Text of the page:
CAT’S PAW RUBBER HEELS & SOLES

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It’s a pity that certain companies don’t have nine lives like cats, otherwise Cat’s Paw would still be in full swing. Nevertheless, the typical gimmicks of the American company – used for the first time in 1904 – are even now well-known and beloved especially by the heritage’s ‘fans and nostalgics’.

Pretty famous during the latest century, in an era when products necessarily had to last long (at the time an equal of leading brands such as Vibram, Biltrite, Panco, O’Sullivan, Holtite etc) Baltimora’s Cat’s Paw Rubber Company Inc. was drawing attention thanks to its very functional no-slip half heels (and soles too) that used to promote with spot-on press campaigns, still up-to-date given the ‘vintage-mania’ the adv sector also is living nowadays.

The main benefit of the Maryland label was that it didn’t only recover and resole shoes and boots, but it also improved them through its own ‘retro technologies’ (for example there are those who claim that the Bass Weejun loafers work at best with rubber soles). Not by chance Cat’s Paw half heels and cushion soles (in rubber the formers and microlite the latters) guaranteed new life to old shoes and boots, besides a ‘feline’ performance, or almost.

That’s because the products of the Baltimora brand boasted friction plug inserts and double no-slip pads for an ad hoc grip – the iconic twin-gripper – similar to cats’ fingertips indeed; a feature as much highlighted in the label’s name as in its logo, that has a father of excellence.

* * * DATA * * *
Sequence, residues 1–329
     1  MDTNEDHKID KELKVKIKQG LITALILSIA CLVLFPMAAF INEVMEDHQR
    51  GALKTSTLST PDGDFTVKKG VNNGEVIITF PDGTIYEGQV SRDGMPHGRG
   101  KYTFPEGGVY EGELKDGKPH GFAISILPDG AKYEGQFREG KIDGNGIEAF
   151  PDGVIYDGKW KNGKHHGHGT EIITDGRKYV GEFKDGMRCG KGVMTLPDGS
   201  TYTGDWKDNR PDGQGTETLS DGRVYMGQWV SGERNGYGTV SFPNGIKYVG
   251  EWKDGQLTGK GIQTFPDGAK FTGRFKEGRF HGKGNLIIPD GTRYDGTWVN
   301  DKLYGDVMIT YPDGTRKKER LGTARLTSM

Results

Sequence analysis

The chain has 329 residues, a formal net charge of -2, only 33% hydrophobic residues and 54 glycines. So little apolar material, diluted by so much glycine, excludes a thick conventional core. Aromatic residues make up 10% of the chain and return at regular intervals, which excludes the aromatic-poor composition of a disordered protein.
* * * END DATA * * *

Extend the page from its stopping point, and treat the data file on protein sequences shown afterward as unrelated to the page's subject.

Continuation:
Infact it was created around 1936 by German graphic-designer and artist Lucian Bernhard, who we owe to both the homonymous font plus other types and, in part, the ‘design styles’ dubbed Plakatstil (poster style) and Sachplakat (object poster). But that’s not the only anecdote linking Cat’s Paw to history – if we’re talking about American one – then, you just need to know that its name was related to the presumed identification of aviatrix Amelia Earhart (disappeared in ’37 and ‘found’ in ’91 in Nikumaroro, an atoll in the Phoenix Isles, north of the Fiji) thanks to the soles of her bluchers, and it was even present among the evidence of crime scenes ‘popular’ in the USA (for better or for worse) like the Pasternack murder in ’74…

Nowadays, to the detriment of the fame that had made it a big player in its field, Cat’s Paw (acquired by Biltrite) doesn’t seem to be active anymore, but some of its products are – barely – available on the web and in a very few ‘old-school’ shoe-repair shops, American above all… if the Cat is gone, at least it left us the Paw – its best plus.